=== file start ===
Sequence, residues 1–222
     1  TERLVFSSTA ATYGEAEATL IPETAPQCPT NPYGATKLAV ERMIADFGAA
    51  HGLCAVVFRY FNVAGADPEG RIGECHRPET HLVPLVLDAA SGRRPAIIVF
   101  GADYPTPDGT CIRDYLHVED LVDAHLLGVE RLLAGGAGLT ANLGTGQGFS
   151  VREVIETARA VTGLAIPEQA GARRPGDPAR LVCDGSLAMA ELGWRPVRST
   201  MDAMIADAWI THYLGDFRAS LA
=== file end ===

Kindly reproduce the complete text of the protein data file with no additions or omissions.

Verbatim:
Sequence, residues 1–222
     1  TERLVFSSTA ATYGEAEATL IPETAPQCPT NPYGATKLAV ERMIADFGAA
    51  HGLCAVVFRY FNVAGADPEG RIGECHRPET HLVPLVLDAA SGRRPAIIVF
   101  GADYPTPDGT CIRDYLHVED LVDAHLLGVE RLLAGGAGLT ANLGTGQGFS
   151  VREVIETARA VTGLAIPEQA GARRPGDPAR LVCDGSLAMA ELGWRPVRST
   201  MDAMIADAWI THYLGDFRAS LA